Historical milestone: Over 5,000 planets have been discovered outside the solar system

A historic milestone in space exploration: NASA has announced the discovery of 65 new extrasolar planets, thus crossing the continent of 5,000 verified extrasolar planets in a 30-year study.

The first discovery occurred in 1992, when three celestial extrasolar planets orbiting a pulsating neutron star were identified. Today, the database in NASA’s official archive stands at 5,005 solar extraterrestrial planets, all of which have appeared in peer-reviewed articles and received approval after using a variety of detection methods and analytical techniques. Most of the stars are up to 3,000 light-years away.

The list includes small rocky stars such as Earth, giant rocky stars called “Super Earth”, gas giants larger than Jupiter, “Hot Jupiter” stars that orbit near their own stars and smaller stars from the planet Neptune. Last month it was even reported that an extrasolar solar planet 855 light-years away has clouds made of metal and rains made of liquid gems.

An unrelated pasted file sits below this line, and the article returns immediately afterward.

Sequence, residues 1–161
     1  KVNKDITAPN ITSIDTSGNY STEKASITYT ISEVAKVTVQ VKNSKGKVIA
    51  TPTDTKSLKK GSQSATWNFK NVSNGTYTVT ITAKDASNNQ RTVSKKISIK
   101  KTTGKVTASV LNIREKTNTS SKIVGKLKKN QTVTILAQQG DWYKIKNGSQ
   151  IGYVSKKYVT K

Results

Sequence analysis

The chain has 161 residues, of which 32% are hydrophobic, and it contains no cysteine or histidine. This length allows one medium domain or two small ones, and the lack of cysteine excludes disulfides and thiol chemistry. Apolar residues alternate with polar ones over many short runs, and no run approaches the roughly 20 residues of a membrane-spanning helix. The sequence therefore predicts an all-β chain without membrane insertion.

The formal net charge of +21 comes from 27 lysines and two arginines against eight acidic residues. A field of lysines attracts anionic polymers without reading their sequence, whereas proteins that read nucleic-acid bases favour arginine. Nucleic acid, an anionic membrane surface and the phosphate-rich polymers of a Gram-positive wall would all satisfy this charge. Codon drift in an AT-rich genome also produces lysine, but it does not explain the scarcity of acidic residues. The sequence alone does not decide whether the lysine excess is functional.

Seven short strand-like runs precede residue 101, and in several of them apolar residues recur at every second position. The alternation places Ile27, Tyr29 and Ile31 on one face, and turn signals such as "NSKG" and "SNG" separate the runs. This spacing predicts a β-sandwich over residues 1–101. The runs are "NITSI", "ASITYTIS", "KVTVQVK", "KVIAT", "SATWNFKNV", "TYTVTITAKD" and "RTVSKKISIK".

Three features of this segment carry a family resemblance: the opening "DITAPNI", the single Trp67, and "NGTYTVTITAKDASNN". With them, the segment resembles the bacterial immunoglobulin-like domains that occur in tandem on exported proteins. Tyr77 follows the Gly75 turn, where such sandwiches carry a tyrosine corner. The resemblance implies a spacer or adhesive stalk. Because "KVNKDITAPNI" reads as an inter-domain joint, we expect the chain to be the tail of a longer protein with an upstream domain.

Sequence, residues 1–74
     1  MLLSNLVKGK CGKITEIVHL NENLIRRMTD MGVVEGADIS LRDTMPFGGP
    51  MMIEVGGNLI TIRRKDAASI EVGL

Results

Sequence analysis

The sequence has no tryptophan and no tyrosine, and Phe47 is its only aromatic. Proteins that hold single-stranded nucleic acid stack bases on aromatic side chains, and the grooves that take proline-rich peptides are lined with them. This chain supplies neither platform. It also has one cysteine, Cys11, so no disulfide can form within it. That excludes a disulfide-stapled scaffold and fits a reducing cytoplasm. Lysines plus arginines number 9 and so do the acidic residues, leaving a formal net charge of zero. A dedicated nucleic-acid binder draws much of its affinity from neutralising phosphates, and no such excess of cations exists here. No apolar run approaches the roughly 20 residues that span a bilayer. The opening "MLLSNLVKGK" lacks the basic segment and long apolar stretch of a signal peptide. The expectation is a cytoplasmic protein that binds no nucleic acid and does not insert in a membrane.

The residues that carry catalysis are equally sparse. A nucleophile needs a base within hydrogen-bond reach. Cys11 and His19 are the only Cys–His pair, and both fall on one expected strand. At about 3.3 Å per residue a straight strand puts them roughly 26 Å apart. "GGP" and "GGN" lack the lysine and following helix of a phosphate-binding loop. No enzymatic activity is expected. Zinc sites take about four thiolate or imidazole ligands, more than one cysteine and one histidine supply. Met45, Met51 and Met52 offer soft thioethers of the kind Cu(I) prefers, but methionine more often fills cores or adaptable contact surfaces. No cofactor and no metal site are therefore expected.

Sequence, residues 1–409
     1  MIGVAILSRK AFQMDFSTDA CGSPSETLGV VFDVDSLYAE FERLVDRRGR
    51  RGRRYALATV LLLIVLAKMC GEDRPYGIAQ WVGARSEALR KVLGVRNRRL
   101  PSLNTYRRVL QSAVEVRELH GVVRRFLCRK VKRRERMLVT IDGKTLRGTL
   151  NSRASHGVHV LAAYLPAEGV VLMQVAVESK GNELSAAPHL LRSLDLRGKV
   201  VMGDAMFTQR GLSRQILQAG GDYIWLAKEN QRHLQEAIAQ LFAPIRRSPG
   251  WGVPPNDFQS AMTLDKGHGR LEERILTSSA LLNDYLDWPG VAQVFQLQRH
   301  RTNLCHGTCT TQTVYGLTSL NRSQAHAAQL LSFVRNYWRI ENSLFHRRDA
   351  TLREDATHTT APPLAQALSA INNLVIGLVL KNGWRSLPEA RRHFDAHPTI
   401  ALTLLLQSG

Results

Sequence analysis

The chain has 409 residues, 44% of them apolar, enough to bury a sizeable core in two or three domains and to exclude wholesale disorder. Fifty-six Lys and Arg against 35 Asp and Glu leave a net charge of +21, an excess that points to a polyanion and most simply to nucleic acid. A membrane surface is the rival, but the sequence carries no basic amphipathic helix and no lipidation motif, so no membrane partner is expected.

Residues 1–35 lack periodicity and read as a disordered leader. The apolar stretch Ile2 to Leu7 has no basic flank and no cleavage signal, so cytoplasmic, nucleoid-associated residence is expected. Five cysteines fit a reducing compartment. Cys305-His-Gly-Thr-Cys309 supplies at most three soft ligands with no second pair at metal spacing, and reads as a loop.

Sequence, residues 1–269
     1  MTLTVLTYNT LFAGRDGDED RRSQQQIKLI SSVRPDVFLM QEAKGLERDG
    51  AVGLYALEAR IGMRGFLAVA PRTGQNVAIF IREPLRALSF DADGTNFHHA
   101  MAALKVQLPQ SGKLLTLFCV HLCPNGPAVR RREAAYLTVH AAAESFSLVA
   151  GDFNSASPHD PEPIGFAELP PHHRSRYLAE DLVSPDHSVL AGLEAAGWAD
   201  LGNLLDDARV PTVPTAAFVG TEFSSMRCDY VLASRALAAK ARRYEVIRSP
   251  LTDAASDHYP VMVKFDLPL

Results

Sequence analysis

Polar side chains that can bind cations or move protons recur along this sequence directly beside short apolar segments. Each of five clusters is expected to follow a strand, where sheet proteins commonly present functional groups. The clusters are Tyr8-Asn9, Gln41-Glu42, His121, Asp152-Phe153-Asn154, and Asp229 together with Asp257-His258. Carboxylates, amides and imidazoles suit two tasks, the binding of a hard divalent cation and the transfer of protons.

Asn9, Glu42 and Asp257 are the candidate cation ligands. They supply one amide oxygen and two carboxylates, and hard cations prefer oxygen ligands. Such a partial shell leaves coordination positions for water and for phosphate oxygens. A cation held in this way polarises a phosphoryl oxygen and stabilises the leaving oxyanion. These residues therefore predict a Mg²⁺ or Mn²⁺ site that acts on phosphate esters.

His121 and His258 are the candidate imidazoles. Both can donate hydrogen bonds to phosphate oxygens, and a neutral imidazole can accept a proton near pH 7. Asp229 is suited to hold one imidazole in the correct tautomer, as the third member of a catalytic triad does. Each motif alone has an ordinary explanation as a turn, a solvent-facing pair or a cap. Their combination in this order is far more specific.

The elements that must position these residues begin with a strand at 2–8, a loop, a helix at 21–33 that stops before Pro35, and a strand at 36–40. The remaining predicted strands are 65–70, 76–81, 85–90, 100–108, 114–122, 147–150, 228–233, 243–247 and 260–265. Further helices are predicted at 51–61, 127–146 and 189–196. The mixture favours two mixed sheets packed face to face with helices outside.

“It’s not just a number,” explained Jesse Christiansen, chief scientist at the Solar Planet Archive, who also serves as a scientist at NASA’s Solar Planet Research Institute at Cal-Tech in Pasadena. “Each one is a whole new world.”

The search for extrasolar planets has gained momentum thanks to the Kepler Space Telescope, which has been operating since 2009, and the research satellite for extrasolar planets (TESS), which has been operating since 2018. The James Webb Space Telescope, which is in the final preparations for launch, is expected to detect new worlds.

NASA is expected to launch the Nancy Grace Roman space telescope in 2027. It will also search for new stars. The European Space Agency’s Ariel mission, which is expected to be launched in 2029, will focus on studying the atmospheres of extrasolar planets.

By Editor

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